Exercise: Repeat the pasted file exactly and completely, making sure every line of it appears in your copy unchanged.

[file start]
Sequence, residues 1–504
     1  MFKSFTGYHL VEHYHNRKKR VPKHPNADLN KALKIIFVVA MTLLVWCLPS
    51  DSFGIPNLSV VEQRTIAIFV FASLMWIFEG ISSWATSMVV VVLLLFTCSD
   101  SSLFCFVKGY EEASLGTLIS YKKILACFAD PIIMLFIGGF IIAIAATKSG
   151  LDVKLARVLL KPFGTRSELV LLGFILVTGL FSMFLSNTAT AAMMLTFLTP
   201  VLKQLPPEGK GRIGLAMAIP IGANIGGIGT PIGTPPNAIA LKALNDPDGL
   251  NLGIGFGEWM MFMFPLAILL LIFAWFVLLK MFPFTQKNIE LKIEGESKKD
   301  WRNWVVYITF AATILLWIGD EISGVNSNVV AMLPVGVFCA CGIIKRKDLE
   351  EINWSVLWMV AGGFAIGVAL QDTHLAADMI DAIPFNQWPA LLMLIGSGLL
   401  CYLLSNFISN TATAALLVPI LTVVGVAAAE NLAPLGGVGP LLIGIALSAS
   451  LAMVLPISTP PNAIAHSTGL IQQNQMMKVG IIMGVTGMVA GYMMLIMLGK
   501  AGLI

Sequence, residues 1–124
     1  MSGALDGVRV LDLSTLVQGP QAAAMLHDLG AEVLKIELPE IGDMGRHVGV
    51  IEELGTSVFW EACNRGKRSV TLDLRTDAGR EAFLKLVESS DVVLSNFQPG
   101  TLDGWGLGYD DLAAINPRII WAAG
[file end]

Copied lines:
Sequence, residues 1–504
     1  MFKSFTGYHL VEHYHNRKKR VPKHPNADLN KALKIIFVVA MTLLVWCLPS
    51  DSFGIPNLSV VEQRTIAIFV FASLMWIFEG ISSWATSMVV VVLLLFTCSD
   101  SSLFCFVKGY EEASLGTLIS YKKILACFAD PIIMLFIGGF IIAIAATKSG
   151  LDVKLARVLL KPFGTRSELV LLGFILVTGL FSMFLSNTAT AAMMLTFLTP
   201  VLKQLPPEGK GRIGLAMAIP IGANIGGIGT PIGTPPNAIA LKALNDPDGL
   251  NLGIGFGEWM MFMFPLAILL LIFAWFVLLK MFPFTQKNIE LKIEGESKKD
   301  WRNWVVYITF AATILLWIGD EISGVNSNVV AMLPVGVFCA CGIIKRKDLE
   351  EINWSVLWMV AGGFAIGVAL QDTHLAADMI DAIPFNQWPA LLMLIGSGLL
   401  CYLLSNFISN TATAALLVPI LTVVGVAAAE NLAPLGGVGP LLIGIALSAS
   451  LAMVLPISTP PNAIAHSTGL IQQNQMMKVG IIMGVTGMVA GYMMLIMLGK
   501  AGLI

Sequence, residues 1–124
     1  MSGALDGVRV LDLSTLVQGP QAAAMLHDLG AEVLKIELPE IGDMGRHVGV
    51  IEELGTSVFW EACNRGKRSV TLDLRTDAGR EAFLKLVESS DVVLSNFQPG
   101  TLDGWGLGYD DLAAINPRII WAAG